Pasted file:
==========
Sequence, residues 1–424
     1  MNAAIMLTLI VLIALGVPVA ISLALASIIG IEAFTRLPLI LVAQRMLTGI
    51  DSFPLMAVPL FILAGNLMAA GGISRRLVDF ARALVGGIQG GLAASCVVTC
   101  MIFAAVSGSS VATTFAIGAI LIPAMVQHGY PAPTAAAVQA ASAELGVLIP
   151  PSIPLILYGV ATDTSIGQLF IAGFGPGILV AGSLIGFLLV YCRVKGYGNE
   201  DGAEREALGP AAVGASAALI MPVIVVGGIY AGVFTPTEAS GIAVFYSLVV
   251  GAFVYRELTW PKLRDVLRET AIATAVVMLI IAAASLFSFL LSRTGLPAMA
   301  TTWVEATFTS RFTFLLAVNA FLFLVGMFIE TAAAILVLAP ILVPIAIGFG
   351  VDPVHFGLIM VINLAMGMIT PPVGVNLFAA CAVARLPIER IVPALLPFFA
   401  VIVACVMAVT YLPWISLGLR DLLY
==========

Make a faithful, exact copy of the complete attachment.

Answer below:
Sequence, residues 1–424
     1  MNAAIMLTLI VLIALGVPVA ISLALASIIG IEAFTRLPLI LVAQRMLTGI
    51  DSFPLMAVPL FILAGNLMAA GGISRRLVDF ARALVGGIQG GLAASCVVTC
   101  MIFAAVSGSS VATTFAIGAI LIPAMVQHGY PAPTAAAVQA ASAELGVLIP
   151  PSIPLILYGV ATDTSIGQLF IAGFGPGILV AGSLIGFLLV YCRVKGYGNE
   201  DGAEREALGP AAVGASAALI MPVIVVGGIY AGVFTPTEAS GIAVFYSLVV
   251  GAFVYRELTW PKLRDVLRET AIATAVVMLI IAAASLFSFL LSRTGLPAMA
   301  TTWVEATFTS RFTFLLAVNA FLFLVGMFIE TAAAILVLAP ILVPIAIGFG
   351  VDPVHFGLIM VINLAMGMIT PPVGVNLFAA CAVARLPIER IVPALLPFFA
   401  VIVACVMAVT YLPWISLGLR DLLY